Bruce M. Moskowitz

University of Minnesota Duluth, Duluth, Minnesota, United States

Are you Bruce M. Moskowitz?

Claim your profile

Publications (113)293.39 Total impact

  • Source
    [Show abstract] [Hide abstract]
    ABSTRACT: The exposure of mantle peridotite to water at crustal levels leads to a cascade of interconnected dissolution-precipitation and reduction-oxidation reactions - a process referred to as serpentinization. These reactions have major implications for microbial life through the provision of hydrogen (H2). To simulate incipient serpentinization under well-constrained conditions, we reacted cm-sized pieces of uncrushed harzburgite with chemically modified seawater at 300°C and 35 MPa for ca. 1.5 years (13441 hours), monitored changes in fluid chemistry over time, and examined the secondary mineralogy at the termination of the experiment. Approximately 4 mol % of the protolith underwent alteration forming serpentine, accessory magnetite, chlorite, and traces of calcite and heazlewoodite. Alteration textures bear remarkable similarities to those found in partially serpentinized abyssal peridotites. Neither brucite nor talc precipitated during the experiment. Given that the starting material contained ~4 times more olivine than orthopyroxene on a molar basis, mass balance requires that dissolution of orthopyroxene was significantly faster than dissolution of olivine. Coupled mass transfer of dissolved Si, Mg, and H+ between olivine and orthopyroxene reaction fronts was driven by steep activity gradients and facilitated the precipitation of serpentine. Hydrogen was released in significant amounts throughout the entire experiment; however, the H2 release rate decreased with time. Serpentinization consumed water but did not release significant amounts of dissolved species (other than H2) suggesting that incipient hydration reactions involved a volume increase of ~40%. The reduced access of water to fresh olivine surfaces due to filling of fractures and coating of primary minerals with alteration products led to decreased rates of serpentinization and H2 release. While this concept might seem at odds with completely serpentinized seafloor peridotites, reaction-driven fracturing offers an intriguing solution to the seemingly self-limiting nature of serpentinization. Indeed, the reacted sample revealed a number of textural features diagnostic of incipient reaction-driven fracturing. We conclude that fracturing must have far reaching impacts on the rates of serpentinization and H2 release in peridotite-hosted hydrothermal systems.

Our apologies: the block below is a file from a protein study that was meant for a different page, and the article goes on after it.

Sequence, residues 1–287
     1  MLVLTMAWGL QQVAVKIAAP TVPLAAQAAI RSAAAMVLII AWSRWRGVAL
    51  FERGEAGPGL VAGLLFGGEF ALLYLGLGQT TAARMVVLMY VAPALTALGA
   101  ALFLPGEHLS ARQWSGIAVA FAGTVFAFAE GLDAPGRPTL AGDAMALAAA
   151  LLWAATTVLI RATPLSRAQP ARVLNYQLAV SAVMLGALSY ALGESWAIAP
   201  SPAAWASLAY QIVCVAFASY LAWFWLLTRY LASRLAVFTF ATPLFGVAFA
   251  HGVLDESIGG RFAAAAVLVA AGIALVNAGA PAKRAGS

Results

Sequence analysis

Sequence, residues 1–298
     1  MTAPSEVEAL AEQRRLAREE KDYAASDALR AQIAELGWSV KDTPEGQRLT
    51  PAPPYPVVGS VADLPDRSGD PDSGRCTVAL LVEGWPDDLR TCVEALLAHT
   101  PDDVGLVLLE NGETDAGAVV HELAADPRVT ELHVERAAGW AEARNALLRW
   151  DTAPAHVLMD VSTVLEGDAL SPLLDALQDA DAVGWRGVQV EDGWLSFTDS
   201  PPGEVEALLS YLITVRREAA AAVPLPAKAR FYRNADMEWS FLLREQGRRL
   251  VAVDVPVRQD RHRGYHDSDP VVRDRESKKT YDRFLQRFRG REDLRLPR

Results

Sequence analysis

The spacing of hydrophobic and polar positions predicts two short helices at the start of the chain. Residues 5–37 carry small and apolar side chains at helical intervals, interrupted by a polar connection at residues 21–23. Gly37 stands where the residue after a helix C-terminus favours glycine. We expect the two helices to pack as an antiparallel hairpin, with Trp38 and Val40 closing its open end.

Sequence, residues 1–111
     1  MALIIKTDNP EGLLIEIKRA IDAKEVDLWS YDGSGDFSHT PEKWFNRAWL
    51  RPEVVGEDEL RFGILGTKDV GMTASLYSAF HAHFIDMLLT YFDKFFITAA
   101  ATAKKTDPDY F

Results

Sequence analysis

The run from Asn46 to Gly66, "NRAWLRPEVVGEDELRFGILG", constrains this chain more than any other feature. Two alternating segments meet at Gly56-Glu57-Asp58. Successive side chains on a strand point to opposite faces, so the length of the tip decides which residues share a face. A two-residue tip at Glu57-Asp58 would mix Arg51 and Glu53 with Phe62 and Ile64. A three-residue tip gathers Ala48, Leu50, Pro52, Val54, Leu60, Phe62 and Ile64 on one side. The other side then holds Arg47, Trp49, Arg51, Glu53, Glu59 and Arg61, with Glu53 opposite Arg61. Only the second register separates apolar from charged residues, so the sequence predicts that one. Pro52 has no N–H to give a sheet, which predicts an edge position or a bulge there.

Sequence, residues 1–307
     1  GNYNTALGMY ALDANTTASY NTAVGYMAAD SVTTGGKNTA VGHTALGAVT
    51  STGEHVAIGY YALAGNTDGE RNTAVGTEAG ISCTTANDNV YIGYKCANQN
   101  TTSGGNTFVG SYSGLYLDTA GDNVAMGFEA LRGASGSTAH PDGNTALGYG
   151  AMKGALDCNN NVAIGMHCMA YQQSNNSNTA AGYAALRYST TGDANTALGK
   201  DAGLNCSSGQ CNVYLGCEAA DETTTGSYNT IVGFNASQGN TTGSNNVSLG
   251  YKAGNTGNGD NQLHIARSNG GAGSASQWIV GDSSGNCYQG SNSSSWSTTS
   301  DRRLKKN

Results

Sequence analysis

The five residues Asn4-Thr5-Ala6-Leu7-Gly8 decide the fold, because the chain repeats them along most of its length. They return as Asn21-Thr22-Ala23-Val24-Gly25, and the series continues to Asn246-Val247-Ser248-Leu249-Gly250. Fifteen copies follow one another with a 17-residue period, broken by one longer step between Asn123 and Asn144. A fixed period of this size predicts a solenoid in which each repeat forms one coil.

Full-text · Article · Oct 2014 · American Mineralogist
  • Source
    [Show abstract] [Hide abstract]
    ABSTRACT: Of the two nanocrystal (magnetosome) compositions biosynthesized by magnetotactic bacteria (MTB), the magnetic properties of magnetite magnetosomes have been extensively studied using widely available cultures, while those of greigite magnetosomes remain poorly known. Here we have collected uncultivated magnetite- and greigite-producing MTB to determine their magnetic coercivity distribution and ferromagnetic resonance (FMR) spectra and to assess the MTB-associated iron flux. We find that compared with magnetite-producing MTB cultures, FMR spectra of uncultivated MTB are characterized by a wider empirical parameter range, thus complicating the use of FMR for fossilized magnetosome (magnetofossil) detection. Furthermore, in stark contrast to putative Neogene greigite magnetofossil records, the coercivity distributions for greigite-producing MTB are fundamentally left-skewed with a lower median. Lastly, a comparison between the MTB-associated iron flux in the investigated estuary and the pyritic-Fe flux in the Black Sea suggests MTB play an important, but heretofore overlooked role in euxinic marine system iron cycle.
    Full-text · Article · Sep 2014 · Nature Communications
  • Source

    Full-text · Dataset · Aug 2014
  • Source
    Jessica L. Till · Bruce M. Moskowitz
    [Show abstract] [Hide abstract]
    ABSTRACT: We present observations of deformation features in magnetite from synthetic magnetite-bearing silicate aggregates deformed between 1000 °C and 1200 °C in transpressional shear experiments with strains of up to 300%. Anisotropy of magnetic susceptibility and shape preferred orientation (SPO) analysis were combined with electron backscatter diffraction (EBSD) to characterize the magnetite deformation fabrics and intragrain microstructures. Crystallographic preferred orientation (CPO) in magnetite is very weak in all deformed samples and does not vary as a function of either temperature or shear strain. Magnetic anisotropy and SPO increase strongly with both strain and deformation temperature and indicate that strain partitioning between magnetite and the plagioclase matrix decreases at higher temperatures. EBSD orientation mapping of individual magnetite particles revealed substantial dispersions in intragrain orientation, analogous to undulose extinction, after deformation at 1000 and 1100 °C, indicating that dislocation creep processes were active in magnetite despite the lack of a well-developed CPO. Geometrical analysis of crystallographic orientation dispersions from grain map data indicates that low-angle grain boundary formation in magnetite could have been accommodated by slip on {110} or {100} planes, but no evidence for dominant slip on the expected {111} planes was found. Evidence for activation of multiple slip systems was seen in some magnetite grains and could be partially responsible for the lack of CPO in magnetite. These results suggest that, at least in polyphase rocks, crystallographic textures in magnetite may be inherently weak or slow to develop andCPO alone is not an adequate indicator of magnetite deformation mechanisms. These results may aid in the interpretation of deformation textures in other spinel-structured phases such as chromite and ringwoodite.